SEC Expands Guidance On Cybersecurity Risk Disclosures

King & Spalding

The Securities and Exchange Commission (“SEC”) recently issued a statement and guidance to assist public companies in adequately disclosing cybersecurity risks and incidents.  The new interpretive guidance, which became effective February 26, 2018, substantially expands on the SEC’s 2011 guidance on cybersecurity-related disclosures.

Recognizing the increasing frequency of cybersecurity incidents, the SEC’s new guidance finds that “it is critical that public companies take all required actions to inform investors about material cybersecurity risks and incidents in a timely fashion, including those companies that are subject to material cybersecurity risks but may not yet have been the target of a cyber-attack.”  Thus, the new guidance emphasizes that companies must assess the materiality of any cybersecurity incidents that may occur, as well as any existing cyber related risks when it prepares and files disclosures pursuant to securities laws.

The SEC further advises that the materiality of cybersecurity risks or incidents depends on their “nature, extent, and potential magnitude,” in addition to the range of harm that an incident could cause to a company’s operations and reputation.  Companies must put adequate disclosure controls in place to ensure accurate and timely disclosure of any material events or risks relating to cybersecurity, taking into consideration, among other factors: (i) prior cybersecurity incidents, (ii) company-specific data or operations that create unique risks, (iii) the probability and potential magnitude of an incident, and (iv) costs relating to cybersecurity risks and protections, including applicable cyber insurance.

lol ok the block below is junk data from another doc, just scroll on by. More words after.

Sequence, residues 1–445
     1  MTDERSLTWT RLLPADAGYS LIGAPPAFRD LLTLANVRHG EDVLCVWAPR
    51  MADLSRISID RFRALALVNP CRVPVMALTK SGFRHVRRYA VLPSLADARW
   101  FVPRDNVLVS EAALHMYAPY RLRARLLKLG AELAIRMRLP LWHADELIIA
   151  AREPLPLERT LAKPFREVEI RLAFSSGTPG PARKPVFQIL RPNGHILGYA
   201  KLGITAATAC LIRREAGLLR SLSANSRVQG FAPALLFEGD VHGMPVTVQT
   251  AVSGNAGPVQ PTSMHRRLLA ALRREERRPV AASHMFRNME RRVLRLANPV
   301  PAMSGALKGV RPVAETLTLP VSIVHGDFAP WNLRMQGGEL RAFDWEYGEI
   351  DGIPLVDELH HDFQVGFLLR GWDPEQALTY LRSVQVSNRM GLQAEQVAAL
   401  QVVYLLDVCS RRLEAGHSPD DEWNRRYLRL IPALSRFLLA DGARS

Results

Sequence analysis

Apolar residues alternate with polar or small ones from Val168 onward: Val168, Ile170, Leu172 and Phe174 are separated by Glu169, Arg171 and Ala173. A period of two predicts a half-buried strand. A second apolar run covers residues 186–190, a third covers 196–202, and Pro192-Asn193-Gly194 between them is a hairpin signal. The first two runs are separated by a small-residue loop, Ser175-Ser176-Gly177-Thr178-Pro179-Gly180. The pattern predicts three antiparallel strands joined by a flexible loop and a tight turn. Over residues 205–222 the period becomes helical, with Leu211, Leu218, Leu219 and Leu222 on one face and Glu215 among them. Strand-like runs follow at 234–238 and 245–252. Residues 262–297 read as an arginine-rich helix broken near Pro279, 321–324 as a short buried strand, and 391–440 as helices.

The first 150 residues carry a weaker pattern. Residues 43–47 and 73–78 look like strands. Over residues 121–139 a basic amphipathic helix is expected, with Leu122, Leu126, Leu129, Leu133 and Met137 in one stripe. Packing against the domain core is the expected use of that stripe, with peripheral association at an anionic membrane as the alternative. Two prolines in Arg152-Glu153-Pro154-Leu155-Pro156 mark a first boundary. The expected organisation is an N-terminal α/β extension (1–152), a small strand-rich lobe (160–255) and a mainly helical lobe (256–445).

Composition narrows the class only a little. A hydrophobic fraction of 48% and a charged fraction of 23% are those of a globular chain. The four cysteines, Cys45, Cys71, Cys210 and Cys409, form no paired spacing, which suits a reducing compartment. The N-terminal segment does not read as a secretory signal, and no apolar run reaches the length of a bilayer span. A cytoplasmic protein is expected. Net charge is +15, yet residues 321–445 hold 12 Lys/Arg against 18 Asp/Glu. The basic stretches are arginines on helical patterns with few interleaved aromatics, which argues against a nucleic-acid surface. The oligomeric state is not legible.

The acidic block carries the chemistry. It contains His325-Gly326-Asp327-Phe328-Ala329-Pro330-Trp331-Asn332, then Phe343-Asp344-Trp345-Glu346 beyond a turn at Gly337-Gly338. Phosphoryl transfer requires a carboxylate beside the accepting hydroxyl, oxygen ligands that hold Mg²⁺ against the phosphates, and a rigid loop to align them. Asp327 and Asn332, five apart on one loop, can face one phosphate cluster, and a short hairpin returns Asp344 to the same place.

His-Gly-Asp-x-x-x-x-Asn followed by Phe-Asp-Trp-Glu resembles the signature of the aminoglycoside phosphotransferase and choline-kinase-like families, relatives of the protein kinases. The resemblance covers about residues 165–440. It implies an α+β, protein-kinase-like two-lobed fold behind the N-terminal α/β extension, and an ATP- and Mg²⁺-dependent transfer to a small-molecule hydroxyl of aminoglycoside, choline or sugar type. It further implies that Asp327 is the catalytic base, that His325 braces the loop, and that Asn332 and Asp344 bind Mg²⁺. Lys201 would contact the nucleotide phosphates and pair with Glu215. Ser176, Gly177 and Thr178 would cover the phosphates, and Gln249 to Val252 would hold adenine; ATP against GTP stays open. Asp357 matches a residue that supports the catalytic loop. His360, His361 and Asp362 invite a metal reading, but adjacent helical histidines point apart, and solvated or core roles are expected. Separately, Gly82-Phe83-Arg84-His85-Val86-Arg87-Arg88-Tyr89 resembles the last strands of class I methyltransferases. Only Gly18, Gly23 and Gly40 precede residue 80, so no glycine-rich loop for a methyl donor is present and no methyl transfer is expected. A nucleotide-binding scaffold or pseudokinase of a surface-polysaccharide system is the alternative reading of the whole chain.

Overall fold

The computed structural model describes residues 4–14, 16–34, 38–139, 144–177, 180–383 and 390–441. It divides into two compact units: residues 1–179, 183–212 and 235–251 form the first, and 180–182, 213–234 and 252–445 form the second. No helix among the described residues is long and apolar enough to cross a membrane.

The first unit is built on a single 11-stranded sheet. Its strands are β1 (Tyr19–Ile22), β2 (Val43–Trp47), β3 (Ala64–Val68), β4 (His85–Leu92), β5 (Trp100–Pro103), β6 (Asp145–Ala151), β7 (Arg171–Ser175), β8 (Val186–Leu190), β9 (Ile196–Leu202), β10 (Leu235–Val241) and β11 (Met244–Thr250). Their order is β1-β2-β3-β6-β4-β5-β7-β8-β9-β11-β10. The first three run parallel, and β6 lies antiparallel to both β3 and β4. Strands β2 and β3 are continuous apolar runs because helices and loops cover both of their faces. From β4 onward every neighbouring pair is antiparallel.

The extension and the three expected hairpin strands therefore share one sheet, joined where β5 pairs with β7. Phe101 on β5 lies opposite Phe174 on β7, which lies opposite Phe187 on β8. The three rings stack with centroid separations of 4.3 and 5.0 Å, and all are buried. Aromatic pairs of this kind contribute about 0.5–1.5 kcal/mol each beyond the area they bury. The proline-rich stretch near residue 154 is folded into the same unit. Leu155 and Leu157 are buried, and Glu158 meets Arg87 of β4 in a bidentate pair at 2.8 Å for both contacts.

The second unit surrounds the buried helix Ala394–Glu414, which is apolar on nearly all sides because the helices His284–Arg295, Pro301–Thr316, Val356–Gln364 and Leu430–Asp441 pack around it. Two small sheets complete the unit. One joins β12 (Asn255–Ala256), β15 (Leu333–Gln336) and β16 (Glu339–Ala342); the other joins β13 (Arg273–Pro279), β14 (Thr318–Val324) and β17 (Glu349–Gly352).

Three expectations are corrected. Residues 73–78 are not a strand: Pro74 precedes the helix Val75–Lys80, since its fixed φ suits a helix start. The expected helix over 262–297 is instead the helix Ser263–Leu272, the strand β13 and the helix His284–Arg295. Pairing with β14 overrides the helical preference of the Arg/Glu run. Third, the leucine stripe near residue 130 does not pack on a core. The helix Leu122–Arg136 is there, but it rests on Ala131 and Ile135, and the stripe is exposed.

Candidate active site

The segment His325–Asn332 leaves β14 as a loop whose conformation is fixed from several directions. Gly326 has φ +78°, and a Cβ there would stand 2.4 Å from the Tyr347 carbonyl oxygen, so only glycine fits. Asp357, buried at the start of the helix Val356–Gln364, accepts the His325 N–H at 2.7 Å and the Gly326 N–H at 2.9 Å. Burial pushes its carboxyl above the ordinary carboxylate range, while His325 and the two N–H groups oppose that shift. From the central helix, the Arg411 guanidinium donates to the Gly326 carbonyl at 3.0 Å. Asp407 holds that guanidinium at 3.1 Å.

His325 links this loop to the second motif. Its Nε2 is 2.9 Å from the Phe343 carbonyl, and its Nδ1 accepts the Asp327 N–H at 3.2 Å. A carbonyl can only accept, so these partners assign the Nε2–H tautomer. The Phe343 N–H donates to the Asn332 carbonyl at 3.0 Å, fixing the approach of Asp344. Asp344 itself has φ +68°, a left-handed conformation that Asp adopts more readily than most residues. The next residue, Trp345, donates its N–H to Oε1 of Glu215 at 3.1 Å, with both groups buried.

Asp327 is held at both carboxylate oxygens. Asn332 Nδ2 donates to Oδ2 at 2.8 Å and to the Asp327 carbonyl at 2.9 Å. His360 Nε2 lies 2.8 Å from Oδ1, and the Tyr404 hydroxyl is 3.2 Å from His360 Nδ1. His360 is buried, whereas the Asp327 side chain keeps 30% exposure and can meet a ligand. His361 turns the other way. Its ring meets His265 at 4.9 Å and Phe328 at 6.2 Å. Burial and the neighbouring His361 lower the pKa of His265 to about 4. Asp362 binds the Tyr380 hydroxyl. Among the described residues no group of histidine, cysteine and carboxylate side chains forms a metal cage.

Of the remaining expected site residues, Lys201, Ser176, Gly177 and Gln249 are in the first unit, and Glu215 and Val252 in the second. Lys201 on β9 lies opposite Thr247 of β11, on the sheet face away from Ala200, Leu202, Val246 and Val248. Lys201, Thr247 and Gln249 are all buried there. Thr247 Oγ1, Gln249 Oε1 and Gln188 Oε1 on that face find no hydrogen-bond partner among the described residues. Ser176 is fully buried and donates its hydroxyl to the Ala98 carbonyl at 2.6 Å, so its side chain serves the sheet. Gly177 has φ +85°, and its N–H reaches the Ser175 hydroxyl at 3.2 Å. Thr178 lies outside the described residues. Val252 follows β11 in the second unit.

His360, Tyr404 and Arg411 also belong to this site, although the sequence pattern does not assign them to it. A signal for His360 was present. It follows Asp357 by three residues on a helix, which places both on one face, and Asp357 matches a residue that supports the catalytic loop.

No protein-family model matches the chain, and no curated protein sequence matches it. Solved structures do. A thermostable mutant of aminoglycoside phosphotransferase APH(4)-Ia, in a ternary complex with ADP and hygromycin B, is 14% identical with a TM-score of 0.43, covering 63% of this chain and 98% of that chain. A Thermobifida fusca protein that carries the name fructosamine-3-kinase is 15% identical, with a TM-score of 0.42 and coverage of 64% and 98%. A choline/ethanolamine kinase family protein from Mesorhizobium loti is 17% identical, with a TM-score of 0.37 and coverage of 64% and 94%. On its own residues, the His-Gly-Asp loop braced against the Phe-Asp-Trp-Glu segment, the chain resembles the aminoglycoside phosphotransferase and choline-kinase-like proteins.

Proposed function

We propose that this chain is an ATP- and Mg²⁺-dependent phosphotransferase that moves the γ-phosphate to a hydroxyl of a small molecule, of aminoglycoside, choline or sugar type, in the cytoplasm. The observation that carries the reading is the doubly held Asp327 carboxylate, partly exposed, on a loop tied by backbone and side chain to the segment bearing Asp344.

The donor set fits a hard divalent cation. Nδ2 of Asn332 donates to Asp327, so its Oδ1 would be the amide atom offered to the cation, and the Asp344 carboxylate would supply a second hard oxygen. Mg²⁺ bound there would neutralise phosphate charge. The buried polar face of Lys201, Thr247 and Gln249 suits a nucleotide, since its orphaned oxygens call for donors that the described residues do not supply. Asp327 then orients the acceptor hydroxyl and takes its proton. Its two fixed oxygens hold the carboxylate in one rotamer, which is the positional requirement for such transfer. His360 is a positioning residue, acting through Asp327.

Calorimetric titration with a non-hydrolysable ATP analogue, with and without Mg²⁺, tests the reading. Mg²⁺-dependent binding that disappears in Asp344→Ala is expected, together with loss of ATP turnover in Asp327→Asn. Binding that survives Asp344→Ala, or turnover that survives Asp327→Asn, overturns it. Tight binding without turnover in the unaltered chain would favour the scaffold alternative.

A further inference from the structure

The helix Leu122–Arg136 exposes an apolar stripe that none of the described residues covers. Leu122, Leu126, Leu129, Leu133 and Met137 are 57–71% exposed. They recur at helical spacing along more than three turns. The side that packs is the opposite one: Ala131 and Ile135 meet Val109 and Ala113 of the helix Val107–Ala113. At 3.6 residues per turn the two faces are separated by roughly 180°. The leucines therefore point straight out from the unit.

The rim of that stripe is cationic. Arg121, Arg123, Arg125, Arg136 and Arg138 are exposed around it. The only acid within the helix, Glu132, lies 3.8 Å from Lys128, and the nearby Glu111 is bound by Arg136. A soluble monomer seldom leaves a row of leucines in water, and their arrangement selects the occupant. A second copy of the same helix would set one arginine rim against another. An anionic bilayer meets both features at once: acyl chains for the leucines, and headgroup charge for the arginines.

While material cybersecurity risks and incidents must be disclosed, the SEC reaffirmed its statement from its 2011 cybersecurity guidance that companies are not required to—and should not—provide a “roadmap” for cyber criminals to use to exploit a company’s cyber defenses.  Accordingly, disclosure of specific, technical descriptions of system vulnerabilities is not required.
The SEC’s new guidance also stresses the importance of establishing appropriate internal controls to ensure that corporate insiders do not trade company stock on the basis of material nonpublic information relating to a company’s cybersecurity risks.  In particular, when a company is in the process of investigating a potential cybersecurity incident, the SEC advises that companies should place restrictions on insider trading to avoid any potential improper trading between the time the incident is identified and when details of the incident can be properly disclosed to the public.

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King & Spalding

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